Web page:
Review: ‘Gospel Hill’

A memorial service for a martyred civil-rights leader squelches a big development company's scheme.

A memorial service for a martyred civil-rights leader squelches a big development company’s scheme to raze a black community in “Gospel Hill,” vet thesp Giancarlo Esposito’s directorial debut. Despite the best efforts of a veritable galaxy of stars, including Angela Bassett, Samuel L. Jackson, Danny Glover and Julia Stiles, the potentially thought-provoking concept of historical reconciliation is ill served by a half-baked script that reduces every cliched plot point to jaw-dropping levels of preachiness. Aug. 28 Gotham release is unlikely to shed glory on this best-forgotten effort, already out on DVD.

Pic permits no nuance that is not ruthlessly tied to issues of racism and/or personal integrity. Actors invest their characters with a measure of believability within the film’s stubbornly one-dimensional limitations but prove helpless to lift the proceedings out of the realm of unalloyed if well-intentioned corn. Esposito has given himself the most interesting role as a compromised doctor with a slutty, high-maintenance wife who, in cahoots with villainous developers, uses his neighborhood clinic as a springboard for real-estate exploitation. But even he must succumb to a remorselessly uplifting ending that miraculously heals all divisions.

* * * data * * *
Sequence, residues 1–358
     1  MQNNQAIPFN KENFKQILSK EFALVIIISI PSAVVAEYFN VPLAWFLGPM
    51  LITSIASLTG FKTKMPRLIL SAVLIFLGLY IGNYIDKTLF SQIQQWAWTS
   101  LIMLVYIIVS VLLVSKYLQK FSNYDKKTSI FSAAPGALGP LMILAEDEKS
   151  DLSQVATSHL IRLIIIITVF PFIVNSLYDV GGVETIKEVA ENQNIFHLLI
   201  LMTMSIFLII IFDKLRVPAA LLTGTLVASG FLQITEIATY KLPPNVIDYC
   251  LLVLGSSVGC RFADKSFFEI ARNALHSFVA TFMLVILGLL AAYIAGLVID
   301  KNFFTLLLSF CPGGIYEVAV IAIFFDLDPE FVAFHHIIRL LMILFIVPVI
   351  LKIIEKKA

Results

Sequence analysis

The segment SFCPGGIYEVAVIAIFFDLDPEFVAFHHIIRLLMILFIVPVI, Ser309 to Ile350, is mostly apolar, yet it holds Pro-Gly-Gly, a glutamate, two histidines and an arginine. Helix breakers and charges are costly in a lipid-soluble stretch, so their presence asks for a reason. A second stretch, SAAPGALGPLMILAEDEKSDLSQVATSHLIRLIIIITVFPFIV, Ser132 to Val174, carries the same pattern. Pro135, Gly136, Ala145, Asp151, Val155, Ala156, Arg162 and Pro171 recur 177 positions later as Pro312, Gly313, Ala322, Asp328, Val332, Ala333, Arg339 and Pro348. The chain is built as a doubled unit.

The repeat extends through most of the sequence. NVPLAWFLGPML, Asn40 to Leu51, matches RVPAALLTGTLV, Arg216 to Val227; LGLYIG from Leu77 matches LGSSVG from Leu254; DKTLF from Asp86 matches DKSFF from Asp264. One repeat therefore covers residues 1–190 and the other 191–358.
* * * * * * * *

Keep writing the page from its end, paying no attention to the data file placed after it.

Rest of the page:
Gospel Hill

Production

An ArtMattan Prods. release of a Future Film Group presentation, in association with Full Glass Films, of a Premiere Picture/Quiet Hand/Deco Entertainment production. Produced by Giancarlo Esposito, Cerise Hallam-Larkin, Emerson Machtus, Freddy Braidy, Scott Rosenfelt, Billie Greif. Executive producers, Michael Parness, Stephen Margolis, Simon M. J. Horsman, Charlotte Koh, Adam Betteridge, David Rogers, Andreas Olavarria, Ronald Kolman, Christopher Mallick, Mark K. Sullivan, Spencer Longmore. Co-producers, Elana Pianko, Stan Erdreich. Directed by Giancarlo Esposito. Screenplay, Jeff Stacy, Jeffrey Pratt Gordon, Terrell Tannen.

Crew

Camera (color/B&W, 16mm), David Tumblety; editor, Tina Pacheco, music, Scott Bomar; production designer, William A. Cimino. Reviewed on DVD, New York, Aug. 21, 2009. (In 2008 Hamptons Film Festival.) Running time: 99 MIN.

With

Angela Bassett, Danny Glover, Samuel L. Jackson, Giancarlo Esposito, Julia Stiles, Adam Baldwin, Tom Bower, Nia Long, the RZA, Taylor Kitsch.

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